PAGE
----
Ramblings of an old-school software developer, father, and woodworker.

Recent Posts

Contract Negotiations
As a software freelancer, how should contract negotiations look?

Freelance Contract Legal Clauses
Some clauses that I use in my contract as a freelancer.

Frontend and Backend: What's so different?
Thoughts on Development Domains

We Are All 10x Developers
What a 10x developer really is, and why sometimes we’re all 10x.

RealMensch

last update:

I was given a review copy of the Direct 3D Rendering Cookbook by the publisher, Packt, and over the course of a couple of plane flights I’ve had a chance to look it over. As a basic introduction to how DirectX 11 usage, it seems great so far. I’ve used previous versions of DirectX, so I can’t comment on how clear it would be for a complete beginner, but for someone who already knows the basics it was certainly very easy to follow.

An article on Penny Arcade talks a bit about why Days of Wonder decided to change their Apple-only policy and start developing on Android. I feel like they spend a lot of time talking about parts that aren’t relevant, though. They mention “fragmentation,” and then imply that “oh, now it’s fixed!”, when the truth is that there are still lots of tablets that Ticket To Ride will run on that aren’t one of the few mentioned in the article.

For the first time, I’m trying to put a lot of effort into social media. I’m posting on Facebook (which cross-posts to Twitter). I’ve updated my company blog. I’m posting on Google Plus, even, and starting to dig into other sites relevant to the game that I’m putting together. I’ve been on this project almost full time for days now, and not one line of code has been written for it.

Project in the works

After months of spending time at others’ beck and call, working on various consulting gigs, I’m finally back in the development chair. At least almost. I’ve spent over nine months working on contracts, refilling the war chest. I sold my house and bought a cheaper one to get out from under a mortgage, so I’d be better able to pursue my own projects for longer without active income. And I’m finally, finally pursuing my “dream game” project.

Edit on Jan 24, 2012: A new Lua binding generator now takes top honors. I write game libraries first, and then games. It’s in my blood, or at least I’m in a rut. One way or another, it’s a habit that I find hard to break. And I’ve become a major fan of the programming language Lua; it’s fast and small and easy to bind to C or C++. Or so I thought…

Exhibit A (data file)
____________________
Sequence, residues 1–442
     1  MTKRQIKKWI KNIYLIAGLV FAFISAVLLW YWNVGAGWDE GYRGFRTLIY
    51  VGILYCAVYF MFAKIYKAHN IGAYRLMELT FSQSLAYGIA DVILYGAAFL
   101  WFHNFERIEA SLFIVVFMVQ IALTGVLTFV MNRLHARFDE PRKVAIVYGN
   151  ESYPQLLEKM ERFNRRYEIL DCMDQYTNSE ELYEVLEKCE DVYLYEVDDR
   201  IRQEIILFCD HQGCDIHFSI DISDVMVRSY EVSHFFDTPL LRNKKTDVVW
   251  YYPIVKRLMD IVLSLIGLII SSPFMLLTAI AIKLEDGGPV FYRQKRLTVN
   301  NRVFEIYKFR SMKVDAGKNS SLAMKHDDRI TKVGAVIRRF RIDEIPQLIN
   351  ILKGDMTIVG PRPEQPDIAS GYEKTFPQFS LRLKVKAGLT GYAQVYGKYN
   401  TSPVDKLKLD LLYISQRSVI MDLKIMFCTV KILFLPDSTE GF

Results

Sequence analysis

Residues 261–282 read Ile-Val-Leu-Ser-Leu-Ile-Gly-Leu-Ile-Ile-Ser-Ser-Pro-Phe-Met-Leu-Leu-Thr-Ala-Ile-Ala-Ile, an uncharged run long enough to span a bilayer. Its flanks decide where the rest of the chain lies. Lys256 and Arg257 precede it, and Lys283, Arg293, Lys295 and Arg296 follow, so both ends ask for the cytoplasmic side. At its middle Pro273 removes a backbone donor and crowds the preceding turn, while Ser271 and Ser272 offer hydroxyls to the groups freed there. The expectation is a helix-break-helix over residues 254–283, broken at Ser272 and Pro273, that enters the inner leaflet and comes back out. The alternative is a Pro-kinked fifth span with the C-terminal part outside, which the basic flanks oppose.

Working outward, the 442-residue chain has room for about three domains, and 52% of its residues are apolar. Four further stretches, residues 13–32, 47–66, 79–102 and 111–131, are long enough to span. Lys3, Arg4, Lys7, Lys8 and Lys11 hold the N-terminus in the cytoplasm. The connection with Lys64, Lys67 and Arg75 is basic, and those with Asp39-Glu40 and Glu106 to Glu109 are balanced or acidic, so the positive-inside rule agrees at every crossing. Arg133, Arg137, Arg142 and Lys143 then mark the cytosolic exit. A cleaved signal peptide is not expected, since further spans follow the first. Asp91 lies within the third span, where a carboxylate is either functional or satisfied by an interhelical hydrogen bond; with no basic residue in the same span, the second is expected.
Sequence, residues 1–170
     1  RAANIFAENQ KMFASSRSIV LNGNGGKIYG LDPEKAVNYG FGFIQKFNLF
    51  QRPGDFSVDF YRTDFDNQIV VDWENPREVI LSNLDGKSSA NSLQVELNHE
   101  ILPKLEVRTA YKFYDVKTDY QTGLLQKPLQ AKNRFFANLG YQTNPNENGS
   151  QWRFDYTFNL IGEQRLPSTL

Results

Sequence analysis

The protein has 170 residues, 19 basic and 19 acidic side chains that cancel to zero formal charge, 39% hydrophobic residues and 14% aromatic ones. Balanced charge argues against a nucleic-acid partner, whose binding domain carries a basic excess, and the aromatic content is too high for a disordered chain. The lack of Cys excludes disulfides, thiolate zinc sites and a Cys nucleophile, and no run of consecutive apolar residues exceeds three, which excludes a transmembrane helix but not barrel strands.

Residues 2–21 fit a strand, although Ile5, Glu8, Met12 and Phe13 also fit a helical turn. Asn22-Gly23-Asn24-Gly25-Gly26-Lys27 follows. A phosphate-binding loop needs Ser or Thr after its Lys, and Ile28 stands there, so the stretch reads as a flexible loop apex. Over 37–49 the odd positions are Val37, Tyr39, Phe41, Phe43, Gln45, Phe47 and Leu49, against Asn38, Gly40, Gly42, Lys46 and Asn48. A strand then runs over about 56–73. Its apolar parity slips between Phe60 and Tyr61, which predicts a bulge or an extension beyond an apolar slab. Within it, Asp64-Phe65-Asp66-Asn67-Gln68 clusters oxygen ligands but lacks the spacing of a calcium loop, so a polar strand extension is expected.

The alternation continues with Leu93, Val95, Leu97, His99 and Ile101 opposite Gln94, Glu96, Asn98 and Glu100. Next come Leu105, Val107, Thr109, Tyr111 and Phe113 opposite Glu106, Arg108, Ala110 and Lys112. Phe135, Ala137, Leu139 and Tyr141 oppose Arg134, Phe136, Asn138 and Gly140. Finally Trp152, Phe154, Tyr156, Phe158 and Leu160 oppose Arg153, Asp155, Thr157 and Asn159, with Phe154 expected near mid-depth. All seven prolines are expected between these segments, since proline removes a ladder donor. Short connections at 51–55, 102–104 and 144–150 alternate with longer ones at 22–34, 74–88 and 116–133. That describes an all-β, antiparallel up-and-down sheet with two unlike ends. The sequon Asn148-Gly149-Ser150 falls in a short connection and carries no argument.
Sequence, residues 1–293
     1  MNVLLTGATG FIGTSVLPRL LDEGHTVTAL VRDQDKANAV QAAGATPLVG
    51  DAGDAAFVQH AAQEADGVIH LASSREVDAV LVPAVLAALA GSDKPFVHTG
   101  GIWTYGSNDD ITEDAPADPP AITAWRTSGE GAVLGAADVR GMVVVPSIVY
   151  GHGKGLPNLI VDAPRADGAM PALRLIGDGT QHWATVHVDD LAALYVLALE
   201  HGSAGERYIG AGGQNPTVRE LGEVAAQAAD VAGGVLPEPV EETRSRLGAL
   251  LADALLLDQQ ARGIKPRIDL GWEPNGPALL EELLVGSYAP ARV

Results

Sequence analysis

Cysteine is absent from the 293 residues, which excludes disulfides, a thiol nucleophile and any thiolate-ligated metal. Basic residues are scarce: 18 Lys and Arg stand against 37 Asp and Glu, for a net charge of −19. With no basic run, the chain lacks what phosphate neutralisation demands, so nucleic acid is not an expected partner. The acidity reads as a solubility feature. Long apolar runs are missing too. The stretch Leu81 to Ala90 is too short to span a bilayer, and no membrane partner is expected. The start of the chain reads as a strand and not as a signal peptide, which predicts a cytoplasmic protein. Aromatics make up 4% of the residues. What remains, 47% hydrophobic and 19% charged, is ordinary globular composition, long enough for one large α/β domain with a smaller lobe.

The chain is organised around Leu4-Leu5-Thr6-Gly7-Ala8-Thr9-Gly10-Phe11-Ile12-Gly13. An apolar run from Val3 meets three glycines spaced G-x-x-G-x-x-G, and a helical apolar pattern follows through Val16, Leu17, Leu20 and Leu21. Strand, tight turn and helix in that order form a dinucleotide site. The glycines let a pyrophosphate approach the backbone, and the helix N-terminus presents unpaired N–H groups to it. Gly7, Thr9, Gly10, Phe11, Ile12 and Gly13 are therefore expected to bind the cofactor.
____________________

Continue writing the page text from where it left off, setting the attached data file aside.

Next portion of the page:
A while ago I wrote about the troubles I was having with Lua bindings. Some were too heavy, some were too flaky. And after spending all that time reviewing them, I ran out of time and had to pick one – and I made the mistake of picking a flaky one, with the result being that I have wasted a LOT of time over the past year fixing corner cases and issues with it.

On TechDirt today there is an article claiming that bloggers should be protected as journalists. But I tend to be more in agreement with Ars Technica on the topic, which notes the judge referenced more criteria than whether the “blogger” calls herself a journalist. As much as I want serious bloggers to be covered by shield laws, I do think that there should be some discretion into who is considered a journalist.

I’ve been seeing bloggers panic about an alleged change with the new Google Android Developer Agreement. As was pointed out by one developer on Twitter, the text hasn’t changed. So what has changed that they want us to agree to? I decided I wanted to find out. Looking at the page in archive.org (thanks for the idea, Nathan), I compared the version from May 1, 2011 with the one available on the site today.

Today we were enjoying a nice, warm day that made it seem like summer hadn’t really ended…until about 2:16PM, when all of a sudden someone turned on the wind, which started gusting at over 30MPH, and which brought with it some clouds and fog that spattered rain all over us. So much for summer. :) In other news, they had to remove a mountain lion from a student apartment complex. Apparently it was pretty scared of the students who were standing up on a bridge nearby to take pictures of it.

As many people know now, web sites can put small packets of information on your computer, called “cookies,” and they do this for various reasons. Sometimes it’s to save your password on a site, but sometimes it’s to track ads you’ve seen and products you’ve purchased. A lot of people seem to want to know how to see what “cookies” have been placed on their computer, and what pages have placed the cookies there.